What This Pirate Learned From Mr. Money Mustache: Part One

My next two blog posts will be about the single most useful blog I have ever come across.

In fact, it has been so useful, and came in such fortuitous timing that I can only credit the event to Providence. I was just about to graduate, get a job, and move out.

So while it didn’t neccesarily immediately change my life (it’s a personal finance blog, and I had no income to speak of) it certainly changed the trajectory of my life.

As I’ve mentioned briefly in other posts, I knew what I wanted out of life at the time, but I didn’t have the tools.

MMM gave me those tools.

I’ve had to break down this discussion into two parts. First, a discussion of what MMM calls “badassity,” and then another on not being what MMM calls a “consumer sucka,” and the financial independance that tends to follow.

Granted, this isn’t a personal finance blog, but you can’t have a proper pirate lifestyle blog if you don’t talk about the proper management of treasure.

Being a pirate is about rebelling against the powers that be, not about allowing said powers to bilk you out of your hard-earned loot. I mean, really.

And Now For Our Actual Topic…

Pirates Are Not Wusses

The premise here is two-fold. One: occasional, voluntary discomfort is good for you. And two: if you don’t like something, either do something about it or learn to live with it. No whining allowed.

Our first principle comes up frequently throughout the MMM blog, but especially in his discussion of hedonic adaption.

Basically, the idea is that pampering yourself makes you weaker. Physically, mentally, and often financially as well.

Going for a run when its chilly involves discomfort, but you come out of it invigorated and in better physical and mental health.

Cooking for yourself involves acquiring new skills, and might cut into the time you spend staring at a screen. But you’ll end up eating healthier, saving money, and gain confidence from having learned said new skills.

Forgoing HD or 3D, or choosing a smaller screen, might mean you notice differences in video quality…for maybe even a whole five minutes. But the money you save won’t go away.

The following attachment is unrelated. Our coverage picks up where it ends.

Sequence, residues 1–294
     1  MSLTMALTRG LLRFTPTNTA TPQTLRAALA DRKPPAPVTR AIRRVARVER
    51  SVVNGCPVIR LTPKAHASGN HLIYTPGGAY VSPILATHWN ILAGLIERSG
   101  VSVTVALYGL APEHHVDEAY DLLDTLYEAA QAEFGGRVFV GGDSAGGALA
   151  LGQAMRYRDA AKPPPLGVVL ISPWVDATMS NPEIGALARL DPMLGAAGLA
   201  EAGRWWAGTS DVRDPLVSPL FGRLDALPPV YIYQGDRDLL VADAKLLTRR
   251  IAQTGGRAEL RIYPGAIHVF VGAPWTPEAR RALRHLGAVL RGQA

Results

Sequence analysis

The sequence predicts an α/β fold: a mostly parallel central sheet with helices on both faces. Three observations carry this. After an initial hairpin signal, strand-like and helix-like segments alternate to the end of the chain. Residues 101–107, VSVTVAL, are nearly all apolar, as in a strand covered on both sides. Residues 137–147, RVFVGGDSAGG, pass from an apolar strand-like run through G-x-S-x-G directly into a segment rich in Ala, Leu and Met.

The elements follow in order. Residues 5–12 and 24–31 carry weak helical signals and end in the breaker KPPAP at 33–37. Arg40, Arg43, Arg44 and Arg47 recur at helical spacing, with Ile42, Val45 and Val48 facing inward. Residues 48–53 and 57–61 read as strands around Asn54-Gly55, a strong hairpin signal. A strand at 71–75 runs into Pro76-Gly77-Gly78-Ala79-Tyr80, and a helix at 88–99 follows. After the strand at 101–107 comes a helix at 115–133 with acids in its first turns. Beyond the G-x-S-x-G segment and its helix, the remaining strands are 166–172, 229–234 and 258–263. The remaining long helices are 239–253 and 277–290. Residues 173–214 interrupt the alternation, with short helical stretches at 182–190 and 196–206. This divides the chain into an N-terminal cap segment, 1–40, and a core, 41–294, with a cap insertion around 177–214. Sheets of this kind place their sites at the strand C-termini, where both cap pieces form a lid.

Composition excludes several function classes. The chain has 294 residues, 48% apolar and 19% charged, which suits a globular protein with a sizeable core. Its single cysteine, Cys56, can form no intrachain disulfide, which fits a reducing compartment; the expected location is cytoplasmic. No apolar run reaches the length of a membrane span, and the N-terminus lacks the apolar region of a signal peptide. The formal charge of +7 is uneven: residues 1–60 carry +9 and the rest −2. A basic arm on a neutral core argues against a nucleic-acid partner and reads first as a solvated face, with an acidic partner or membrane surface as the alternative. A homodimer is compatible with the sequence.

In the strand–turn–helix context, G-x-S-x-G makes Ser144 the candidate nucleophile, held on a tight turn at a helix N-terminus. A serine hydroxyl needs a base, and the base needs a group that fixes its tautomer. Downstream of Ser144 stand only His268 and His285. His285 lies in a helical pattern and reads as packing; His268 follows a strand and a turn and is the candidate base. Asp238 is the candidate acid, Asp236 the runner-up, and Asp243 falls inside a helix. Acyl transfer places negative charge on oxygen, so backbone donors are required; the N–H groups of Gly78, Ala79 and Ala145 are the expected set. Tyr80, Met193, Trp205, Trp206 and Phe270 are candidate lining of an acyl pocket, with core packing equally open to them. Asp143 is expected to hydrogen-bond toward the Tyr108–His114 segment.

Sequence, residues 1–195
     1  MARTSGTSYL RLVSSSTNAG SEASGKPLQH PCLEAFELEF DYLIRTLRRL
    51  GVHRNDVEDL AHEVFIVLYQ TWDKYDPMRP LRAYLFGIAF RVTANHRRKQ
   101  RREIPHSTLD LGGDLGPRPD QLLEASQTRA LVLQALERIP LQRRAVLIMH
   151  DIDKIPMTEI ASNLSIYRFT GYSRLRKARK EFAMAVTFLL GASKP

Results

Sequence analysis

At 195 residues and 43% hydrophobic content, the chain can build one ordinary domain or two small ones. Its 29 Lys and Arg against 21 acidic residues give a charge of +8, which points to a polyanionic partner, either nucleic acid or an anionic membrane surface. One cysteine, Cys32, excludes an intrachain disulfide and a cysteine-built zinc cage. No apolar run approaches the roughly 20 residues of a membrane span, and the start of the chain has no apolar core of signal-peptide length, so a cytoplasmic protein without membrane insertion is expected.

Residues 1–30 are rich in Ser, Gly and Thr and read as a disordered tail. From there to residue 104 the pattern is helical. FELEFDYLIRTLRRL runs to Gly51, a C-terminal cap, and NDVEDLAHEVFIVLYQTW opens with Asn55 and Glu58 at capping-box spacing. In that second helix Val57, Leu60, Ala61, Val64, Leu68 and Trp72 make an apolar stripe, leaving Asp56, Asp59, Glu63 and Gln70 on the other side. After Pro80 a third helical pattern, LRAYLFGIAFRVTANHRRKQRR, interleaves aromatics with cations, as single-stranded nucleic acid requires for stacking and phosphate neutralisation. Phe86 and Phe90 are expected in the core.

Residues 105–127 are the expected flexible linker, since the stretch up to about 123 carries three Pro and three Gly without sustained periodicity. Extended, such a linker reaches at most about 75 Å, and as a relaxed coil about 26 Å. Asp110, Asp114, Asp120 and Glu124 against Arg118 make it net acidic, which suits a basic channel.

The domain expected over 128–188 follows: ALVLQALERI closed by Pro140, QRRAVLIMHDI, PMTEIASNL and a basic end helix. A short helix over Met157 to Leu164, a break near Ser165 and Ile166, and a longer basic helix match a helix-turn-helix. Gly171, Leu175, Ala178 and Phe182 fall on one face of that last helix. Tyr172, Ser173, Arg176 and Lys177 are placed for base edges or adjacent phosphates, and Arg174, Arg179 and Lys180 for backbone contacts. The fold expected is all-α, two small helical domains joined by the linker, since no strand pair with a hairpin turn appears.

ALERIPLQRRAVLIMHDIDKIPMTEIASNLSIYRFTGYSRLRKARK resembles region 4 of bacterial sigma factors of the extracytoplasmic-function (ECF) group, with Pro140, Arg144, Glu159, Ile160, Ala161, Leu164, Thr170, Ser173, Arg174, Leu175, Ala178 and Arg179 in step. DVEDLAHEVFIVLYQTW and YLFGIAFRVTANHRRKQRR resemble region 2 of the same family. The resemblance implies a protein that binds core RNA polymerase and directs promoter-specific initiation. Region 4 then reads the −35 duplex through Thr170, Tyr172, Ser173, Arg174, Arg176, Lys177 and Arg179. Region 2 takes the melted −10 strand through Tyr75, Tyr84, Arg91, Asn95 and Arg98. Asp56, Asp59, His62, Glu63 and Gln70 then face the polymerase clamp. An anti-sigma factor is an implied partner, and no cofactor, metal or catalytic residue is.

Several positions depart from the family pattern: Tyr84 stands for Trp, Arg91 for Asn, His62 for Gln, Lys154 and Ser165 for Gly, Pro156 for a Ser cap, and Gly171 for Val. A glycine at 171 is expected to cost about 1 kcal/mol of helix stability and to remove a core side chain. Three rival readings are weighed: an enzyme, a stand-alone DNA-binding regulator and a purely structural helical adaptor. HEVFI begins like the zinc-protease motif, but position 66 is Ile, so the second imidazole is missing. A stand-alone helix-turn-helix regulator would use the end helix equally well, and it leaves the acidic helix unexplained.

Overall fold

Unless of course you waste it on something else.

At home, I watch stuff on my little laptop. When I go back to the family home to visit, I watch stuff on my parent’s HD TV. And yes, I notice the difference. But I stop noticing really, really quickly.

Just like you stop noticing your movie is 3D after a few minutes. That’s called hedonic adaption.

How powerful is this? A study on the subject found that the happiness level of a lottery winner, and a parapalegic had returned to normal six months after the events that changed their lives.

Humans are incredibly adaptable, and a good pirate uses this knowledge to maximize their enjoyment of life, and allocate resources to places that really matter.

When you upgrade comfort, you’re paying for something you won’t even notice after a while. Is that really worth it?

Things like skills, confidence, health, money in the bank. That’s what will last.

Now to our second point. A pirate’s life is a mixed bag, and some of it you won’t like so much.

(I should mention here that I am writing this as a person who hasn’t dealt with a lot of hardship compared to a lot of people. Therefore, dial up the amount of empathy and compassion you read into these words as suits your personal circumstances.)

As I said before, you can do one of two things. You can decide that, while a given situation is not what you’d prefer, but changing that situation would take resources away from areas you feel more strongly about.

This is why I still don’t have a car, a pet, a living room set, or a queen-sized bed, or a whole host of other things.

Or, you can decide that your situation is unacceptable and push your mental, financial etc resources into changing said situation.

Whiners (or in MMMspeak “complainypants”) can walk the plank.

If you’ve decided to do something about your situation, feel free to snarl, growl and make as much of a fuss as you like about it. The key is to keep your energy going in a direction that means something.

In sum, pirates do not sit on their rear ends feeling like lazy slugs and complaining about things in their lives that they could change.

Pirates get stuff done.



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